Trump, Donald Trump, Stephen Marotta, Elections, Madman, Make America Great Again, The Patriot Institute

 

As the new year begins it also marks the final month of Donald Trump’s first year as president. As President Trump’s first year draws to a close some people proclaim him to be the greatest president since Reagan while others say he is tyrant. As usual, the truth is somewhere in between.

 

In December, the White House issued a list of 81 accomplishments of the Trump Administration. While the list contains many items of fluff (“Trump traveled the world to promote the sale and use of U.S. energy” and “made progress to build the border wall with Mexico”) and economic statistics that may or may not be the result of Trump’s election win (“increase of the GDP above 3 percent,” “saw the Dow Jones reach record highs” and “a rebound in economic confidence to a 17-year high”), the list did include real accomplishments.

 

President Trump had several legitimate legislative successes in his first year. The crowning jewel of the Trump Administration’s first year is the tax reform bill. The bill slashed the corporate tax rate as well as cutting individual income tax rates. The bill also repealed Obamacare’s unpopular individual mandate. Earlier the in the year, the Republican Congress also passed several bills repealing Obama-era regulations under the Congressional Review Act. A more bipartisan success was a bill reforming the Veterans Administration.

 

Trump also has made his mark on the federal judiciary. Neil Gorsuch has filled Antonin Scalia’s seat on the Supreme Court with another conservative, an accomplishment that many said would make a Trump presidency worthwhile. Trump has also appointed 18 judges to lower courts.

 

Many of the list items relate to Donald Trump’s 55 Executive Orders, which are far more numerous than his legislative successes. With Congress deadlocked for much of the year, the majority of Trump Administration accomplishments relate to executive actions or rulemaking by bureaucratic agencies. Some of these decisions have been good, such as rolling back Obama-era net neutrality rules, reinstating the Mexico City policy and cutting federal regulations. President Trump also signaled his intent to withdraw from the Paris Climate treaty and move the US embassy in Israel to the capital city of Jerusalem.

 

In other cases, Trump’s executive actions weren’t as good. One of Trump’s first acts as president was to withdraw from the Trans-Pacific Partnership, a move that opened the door for Chinese expansion with their One Belt One Road Initiative. Trump decided against withdrawing from NAFTA, but reopened negotiations with Mexico and Canada. A series of Executive Orders that limited immigration from designated countries were largely upheld by the courts, but are more symbolic than useful in preventing terrorism since many, if not most, recent terrorists have been native-born Americans.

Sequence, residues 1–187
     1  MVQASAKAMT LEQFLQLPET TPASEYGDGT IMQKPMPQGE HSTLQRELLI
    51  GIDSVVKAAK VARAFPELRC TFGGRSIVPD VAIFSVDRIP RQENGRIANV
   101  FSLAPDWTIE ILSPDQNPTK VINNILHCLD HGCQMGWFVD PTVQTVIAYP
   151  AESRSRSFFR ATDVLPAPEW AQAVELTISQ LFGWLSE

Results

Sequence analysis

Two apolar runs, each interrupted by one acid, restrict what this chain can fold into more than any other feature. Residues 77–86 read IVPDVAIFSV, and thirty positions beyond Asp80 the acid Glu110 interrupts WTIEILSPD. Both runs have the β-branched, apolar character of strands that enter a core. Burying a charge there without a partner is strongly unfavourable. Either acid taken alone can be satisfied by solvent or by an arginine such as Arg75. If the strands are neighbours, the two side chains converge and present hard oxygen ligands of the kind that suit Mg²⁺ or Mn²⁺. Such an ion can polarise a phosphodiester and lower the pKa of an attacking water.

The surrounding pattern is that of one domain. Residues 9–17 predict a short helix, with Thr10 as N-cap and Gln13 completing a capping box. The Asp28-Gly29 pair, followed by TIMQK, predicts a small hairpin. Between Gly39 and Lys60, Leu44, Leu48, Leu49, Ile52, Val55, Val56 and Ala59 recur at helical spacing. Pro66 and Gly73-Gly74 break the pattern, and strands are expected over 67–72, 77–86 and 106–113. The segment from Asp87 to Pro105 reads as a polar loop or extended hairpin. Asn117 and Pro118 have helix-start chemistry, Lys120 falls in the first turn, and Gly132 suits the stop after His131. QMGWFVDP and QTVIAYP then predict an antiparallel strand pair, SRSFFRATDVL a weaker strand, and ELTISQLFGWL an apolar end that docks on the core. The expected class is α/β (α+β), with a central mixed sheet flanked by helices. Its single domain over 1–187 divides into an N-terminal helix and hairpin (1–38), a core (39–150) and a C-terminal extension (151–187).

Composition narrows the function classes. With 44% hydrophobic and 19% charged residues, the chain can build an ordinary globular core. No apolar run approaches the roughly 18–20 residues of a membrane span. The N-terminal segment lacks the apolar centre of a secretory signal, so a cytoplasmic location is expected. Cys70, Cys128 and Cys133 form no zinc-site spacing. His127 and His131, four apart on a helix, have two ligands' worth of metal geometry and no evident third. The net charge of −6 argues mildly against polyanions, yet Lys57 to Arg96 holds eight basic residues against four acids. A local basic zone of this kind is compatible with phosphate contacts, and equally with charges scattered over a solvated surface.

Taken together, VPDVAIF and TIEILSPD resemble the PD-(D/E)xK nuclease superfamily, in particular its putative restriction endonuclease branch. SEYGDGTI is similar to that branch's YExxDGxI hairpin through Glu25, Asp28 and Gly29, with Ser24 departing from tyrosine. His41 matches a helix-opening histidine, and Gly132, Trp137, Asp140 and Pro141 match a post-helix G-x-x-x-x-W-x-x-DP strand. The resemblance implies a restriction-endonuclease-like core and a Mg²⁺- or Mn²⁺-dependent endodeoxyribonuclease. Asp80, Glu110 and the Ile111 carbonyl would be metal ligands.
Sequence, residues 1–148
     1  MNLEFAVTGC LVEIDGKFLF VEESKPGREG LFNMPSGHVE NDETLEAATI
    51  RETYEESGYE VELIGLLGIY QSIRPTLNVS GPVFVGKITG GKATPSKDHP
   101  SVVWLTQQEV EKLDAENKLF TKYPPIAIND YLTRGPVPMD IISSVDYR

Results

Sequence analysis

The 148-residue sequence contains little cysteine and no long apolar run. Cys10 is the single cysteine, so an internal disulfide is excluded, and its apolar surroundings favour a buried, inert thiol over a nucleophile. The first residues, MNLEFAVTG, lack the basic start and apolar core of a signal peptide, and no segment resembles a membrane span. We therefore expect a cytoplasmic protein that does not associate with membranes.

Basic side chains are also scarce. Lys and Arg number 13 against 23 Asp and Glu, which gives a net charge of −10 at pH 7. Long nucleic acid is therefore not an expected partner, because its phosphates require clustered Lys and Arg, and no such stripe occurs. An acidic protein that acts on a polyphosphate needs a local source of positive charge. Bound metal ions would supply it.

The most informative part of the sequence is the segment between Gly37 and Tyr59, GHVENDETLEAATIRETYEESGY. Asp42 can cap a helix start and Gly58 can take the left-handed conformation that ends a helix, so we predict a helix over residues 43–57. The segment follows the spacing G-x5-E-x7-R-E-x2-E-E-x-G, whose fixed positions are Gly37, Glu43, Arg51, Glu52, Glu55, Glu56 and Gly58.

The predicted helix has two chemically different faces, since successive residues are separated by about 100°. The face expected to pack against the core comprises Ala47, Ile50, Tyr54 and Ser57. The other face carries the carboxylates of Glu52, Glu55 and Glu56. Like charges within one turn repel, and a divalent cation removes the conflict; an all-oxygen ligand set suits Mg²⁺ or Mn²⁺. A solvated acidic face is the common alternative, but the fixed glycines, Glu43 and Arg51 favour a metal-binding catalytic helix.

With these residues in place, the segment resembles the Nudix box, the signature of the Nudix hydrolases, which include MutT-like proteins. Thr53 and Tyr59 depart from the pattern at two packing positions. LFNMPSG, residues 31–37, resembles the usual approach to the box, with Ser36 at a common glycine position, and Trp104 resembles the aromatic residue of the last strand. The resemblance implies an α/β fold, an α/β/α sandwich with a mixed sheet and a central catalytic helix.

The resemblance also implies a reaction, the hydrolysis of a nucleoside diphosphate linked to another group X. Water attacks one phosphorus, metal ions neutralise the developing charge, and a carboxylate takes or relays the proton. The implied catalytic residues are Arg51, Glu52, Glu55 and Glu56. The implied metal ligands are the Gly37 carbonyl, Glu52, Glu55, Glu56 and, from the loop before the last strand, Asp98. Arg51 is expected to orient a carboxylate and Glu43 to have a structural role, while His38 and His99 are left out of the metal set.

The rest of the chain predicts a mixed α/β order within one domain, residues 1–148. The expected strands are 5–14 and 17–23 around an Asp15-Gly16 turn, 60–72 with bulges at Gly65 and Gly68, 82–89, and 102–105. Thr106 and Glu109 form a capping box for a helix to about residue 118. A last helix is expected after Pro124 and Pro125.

Whether good or bad, the common thread among the Trump Administration’s executive actions is their impermanence. Many of Trump’s executive actions reverse executive actions by Barack Obama. A future president could reverse Trump’s executive actions just as easily.

 

On foreign policy, Trump’s year has been mixed as well. A one-off missile strike against Syria in May had little discernible effect on the situation in the Middle East. Likewise, Trump’s war of words with Kim Jong Un has not helped to curb North Korea’s nuclear ambitions. President Trump did score an end-of-the-year win on foreign policy with the news that ISIS had lost 98 percent of its territory.

 

There were several particularly bad spots for President Trump in 2017. Trump’s firing of James Comey ensured that the Russia investigation would continue indefinitely and, although evidence of illegal collusion between Trump and the Russians is doubtful, the probe has already led to a number of indictments of Trump campaign officials and the investigation is an albatross around Trump’s neck.

 

The failure of the Republicans to repeal or reform Obamacare was the president’s biggest defeat of the year. Trump and the Republican Party had spent years campaigning against the health law only to have even watered-down versions of their own healthcare bill fail to pass. The repeal of the individual mandate in the tax reform bill is a consolation prize that may make matters worse. The repeal of the mandate may drive healthy Americans from the insurance market just as Trump stops making subsidy payments to health insurance companies. The result could be upheaval in health insurance marketplaces for 2018.

 

Even with the year-end successes by Republicans, Trump approval averages in the 30s and Democrats hold a 15-point lead on the generic congressional ballot as the country heads into a midterm election year. Trump’s twitter rants and feuds with such varied targets as the FBI, Sen. Jeff Flake (R-Ariz.), Sen. Bob Corker (R-Tenn.), Sen. Elizabeth Warren (D-Mass.), the National Football League and pretty much every media outlet may be a big part of the GOP’s image problem. In a country at peace and experiencing a good economy, Trump’s unpopularity may be unprecedented.

 

In spite of a year that the White House heralds as a year of “winning,” President Trump has not been able to win over the American people. If he doesn’t do so in the next 10 months, his administration may not last until 2020.

 

Originally published on The Resurgent


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